Bush stays low-profile at McCain fundraiser
The last time the two met, 83 days ago, President Bush promised he would do whatever Sen. John McCain asked to help elect him the 44th president...
The New York Times
PHOENIX — The last time the two met, 83 days ago, President Bush promised he would do whatever Sen. John McCain asked to help elect him the 44th president.
"You know, if he wants me to show up, I will," Bush said in the Rose Garden. "If he wants me to say, 'You know, I'm not for him,' I will."
On Tuesday, Bush's role became clearer when he held his first event for McCain. He will show up to raise money, thank you very much, and he will say and do as little as possible, at least in public view.
A large, presumably public, fundraiser at the Phoenix Convention Center was hastily rescheduled for the seclusion of a private home in Scottsdale on Tuesday night. McCain's main public appearance of the day was a foreign-policy speech in Denver, not the visit by the president to McCain's home state of Arizona.
McCain used the speech, like others in recent weeks, to draw differences between his policies and Bush's, even as Democrats redoubled their efforts to lash them together into an inextricable McBush '08.
He and Bush avoided any meaningful public appearance together, having the briefest of photo opportunities at Phoenix Sky Harbor International Airport in the evening.
For all the efforts to exploit the president's trip and then minimize it, the question of Bush's role as the Republican standard-bearer hovered.
The liberal group MoveOn.org unveiled a commercial Tuesday that links images of Bush and McCain over the theme from "The Patty Duke Show," a 1960s sitcom about identical teenage cousins who "laugh alike, they walk alike, at times they even talk alike."
And Sen. Barack Obama, inching closer to the Democratic nomination, seized on the topic while speaking about the mortgage crisis in Nevada.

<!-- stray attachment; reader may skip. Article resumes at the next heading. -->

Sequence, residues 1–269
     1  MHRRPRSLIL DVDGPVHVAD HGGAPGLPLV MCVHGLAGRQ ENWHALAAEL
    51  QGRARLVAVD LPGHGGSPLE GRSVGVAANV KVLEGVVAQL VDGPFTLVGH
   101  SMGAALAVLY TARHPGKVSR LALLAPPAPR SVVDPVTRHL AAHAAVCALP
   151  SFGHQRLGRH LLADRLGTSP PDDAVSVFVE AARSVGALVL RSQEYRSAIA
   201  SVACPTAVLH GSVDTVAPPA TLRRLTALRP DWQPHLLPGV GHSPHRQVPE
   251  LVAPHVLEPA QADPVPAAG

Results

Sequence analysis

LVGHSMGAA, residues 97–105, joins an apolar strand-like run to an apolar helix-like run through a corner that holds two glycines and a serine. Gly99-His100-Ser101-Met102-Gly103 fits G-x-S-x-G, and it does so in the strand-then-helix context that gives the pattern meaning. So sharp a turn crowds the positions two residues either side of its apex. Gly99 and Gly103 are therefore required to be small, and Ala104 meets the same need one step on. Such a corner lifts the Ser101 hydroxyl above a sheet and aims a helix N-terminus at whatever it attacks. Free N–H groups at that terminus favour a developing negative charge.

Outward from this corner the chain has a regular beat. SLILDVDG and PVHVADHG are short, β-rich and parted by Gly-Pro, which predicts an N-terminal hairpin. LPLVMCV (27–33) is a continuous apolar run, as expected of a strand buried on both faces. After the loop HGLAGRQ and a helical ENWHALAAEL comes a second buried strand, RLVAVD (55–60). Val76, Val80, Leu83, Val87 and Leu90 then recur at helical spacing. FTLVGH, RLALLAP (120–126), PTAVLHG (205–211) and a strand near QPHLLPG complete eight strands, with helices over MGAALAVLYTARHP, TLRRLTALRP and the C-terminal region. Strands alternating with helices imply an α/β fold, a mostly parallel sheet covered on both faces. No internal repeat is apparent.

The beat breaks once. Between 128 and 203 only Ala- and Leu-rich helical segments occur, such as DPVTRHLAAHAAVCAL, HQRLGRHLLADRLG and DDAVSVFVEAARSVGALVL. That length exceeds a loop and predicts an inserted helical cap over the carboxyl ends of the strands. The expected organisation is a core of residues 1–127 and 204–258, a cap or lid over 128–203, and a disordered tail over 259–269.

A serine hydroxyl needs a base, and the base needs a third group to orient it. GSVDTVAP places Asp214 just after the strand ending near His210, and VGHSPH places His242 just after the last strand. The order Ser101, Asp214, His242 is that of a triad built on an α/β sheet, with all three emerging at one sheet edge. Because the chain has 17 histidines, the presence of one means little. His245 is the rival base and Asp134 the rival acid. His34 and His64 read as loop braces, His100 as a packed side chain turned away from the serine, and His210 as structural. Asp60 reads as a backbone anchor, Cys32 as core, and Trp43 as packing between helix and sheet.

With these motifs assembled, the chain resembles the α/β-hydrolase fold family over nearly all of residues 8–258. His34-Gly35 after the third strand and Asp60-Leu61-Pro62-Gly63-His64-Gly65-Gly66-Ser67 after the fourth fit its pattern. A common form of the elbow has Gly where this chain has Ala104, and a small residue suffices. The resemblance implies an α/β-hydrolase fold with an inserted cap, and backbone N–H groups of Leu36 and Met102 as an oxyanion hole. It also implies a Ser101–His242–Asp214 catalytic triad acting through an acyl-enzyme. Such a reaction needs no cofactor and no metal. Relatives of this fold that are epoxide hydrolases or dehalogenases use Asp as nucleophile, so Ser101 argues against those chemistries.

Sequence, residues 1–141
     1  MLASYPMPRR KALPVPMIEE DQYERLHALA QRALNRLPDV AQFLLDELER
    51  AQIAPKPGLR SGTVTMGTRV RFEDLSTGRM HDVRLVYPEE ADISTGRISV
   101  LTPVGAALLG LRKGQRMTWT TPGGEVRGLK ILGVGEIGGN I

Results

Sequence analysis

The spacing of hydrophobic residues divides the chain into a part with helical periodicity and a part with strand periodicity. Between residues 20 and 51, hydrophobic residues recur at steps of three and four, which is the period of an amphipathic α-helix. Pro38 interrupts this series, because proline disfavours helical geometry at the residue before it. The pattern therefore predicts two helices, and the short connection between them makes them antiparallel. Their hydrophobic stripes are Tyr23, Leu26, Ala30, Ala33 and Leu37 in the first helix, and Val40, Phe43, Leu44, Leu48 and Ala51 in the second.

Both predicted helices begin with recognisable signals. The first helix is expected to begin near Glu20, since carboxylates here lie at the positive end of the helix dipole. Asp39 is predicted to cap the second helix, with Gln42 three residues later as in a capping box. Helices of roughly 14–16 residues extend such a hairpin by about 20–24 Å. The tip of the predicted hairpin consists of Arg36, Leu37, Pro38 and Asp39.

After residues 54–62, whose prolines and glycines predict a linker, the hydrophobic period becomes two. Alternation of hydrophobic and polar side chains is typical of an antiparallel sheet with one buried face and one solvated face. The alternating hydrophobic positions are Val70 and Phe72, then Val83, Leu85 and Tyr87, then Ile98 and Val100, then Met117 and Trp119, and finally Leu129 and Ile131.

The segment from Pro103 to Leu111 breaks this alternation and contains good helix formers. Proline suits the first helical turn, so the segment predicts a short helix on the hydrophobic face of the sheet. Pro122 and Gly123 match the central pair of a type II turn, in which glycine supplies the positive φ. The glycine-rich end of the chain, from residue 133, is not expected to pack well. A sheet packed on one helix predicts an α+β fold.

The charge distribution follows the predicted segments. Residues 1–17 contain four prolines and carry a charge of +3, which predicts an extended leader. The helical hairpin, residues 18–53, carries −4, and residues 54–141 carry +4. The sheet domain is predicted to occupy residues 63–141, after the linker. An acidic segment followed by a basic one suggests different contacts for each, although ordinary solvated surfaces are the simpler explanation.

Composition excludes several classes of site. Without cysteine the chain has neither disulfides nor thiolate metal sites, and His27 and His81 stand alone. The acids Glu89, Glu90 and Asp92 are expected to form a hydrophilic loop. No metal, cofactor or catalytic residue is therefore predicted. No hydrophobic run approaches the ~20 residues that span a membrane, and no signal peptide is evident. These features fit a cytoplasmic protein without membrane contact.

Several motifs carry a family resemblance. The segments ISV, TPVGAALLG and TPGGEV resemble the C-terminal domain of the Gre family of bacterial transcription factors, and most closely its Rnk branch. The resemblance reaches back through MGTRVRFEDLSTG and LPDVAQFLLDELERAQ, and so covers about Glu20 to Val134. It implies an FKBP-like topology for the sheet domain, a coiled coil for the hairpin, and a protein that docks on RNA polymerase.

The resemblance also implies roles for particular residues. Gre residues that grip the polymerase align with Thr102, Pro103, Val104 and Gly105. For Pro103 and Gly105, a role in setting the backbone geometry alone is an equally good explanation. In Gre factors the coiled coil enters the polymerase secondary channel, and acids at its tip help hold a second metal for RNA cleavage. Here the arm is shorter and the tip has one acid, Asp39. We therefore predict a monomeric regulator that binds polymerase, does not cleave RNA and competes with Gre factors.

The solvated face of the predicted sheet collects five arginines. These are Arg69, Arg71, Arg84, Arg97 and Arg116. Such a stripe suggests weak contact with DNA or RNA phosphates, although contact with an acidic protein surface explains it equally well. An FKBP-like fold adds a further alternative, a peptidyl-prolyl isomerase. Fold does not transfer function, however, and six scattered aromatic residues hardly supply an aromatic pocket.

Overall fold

"John McCain is having a different kind of meeting," he said after meeting a family in Las Vegas on the verge of losing its house to foreclosure.
"He's holding a fundraiser with George Bush behind closed doors in Arizona. No cameras, no reporters. And we all know why. Sen. McCain doesn't want to be seen, hat in hand, with the president whose failed policies he promises to continue for another four years."
The politicking seemed far removed from the sunny day at the White House in March when McCain, flush from his primary triumph over a crowded field, and Bush appeared like two old friends. McCain promised "to have as much possible campaigning events together." More than once, he alluded to Bush's "heavy" or "busy" schedule, which perhaps had more significance than it might have seemed.
Bruce Bartlett, a conservative economist who wrote "Impostor: How George W. Bush Bankrupted America and Betrayed the Reagan Legacy," said, "Even die-hard Bush supporters know he's an albatross around the neck of the nominee."
He also noted the president's fundraising prowess. Despite the president's approval rating of 28 percent, it is worth remembering that that 28 percent can be loyal and often wealthy.
Material from The Associated Press is included in this report.
Copyright © 2008 The Seattle Times Company
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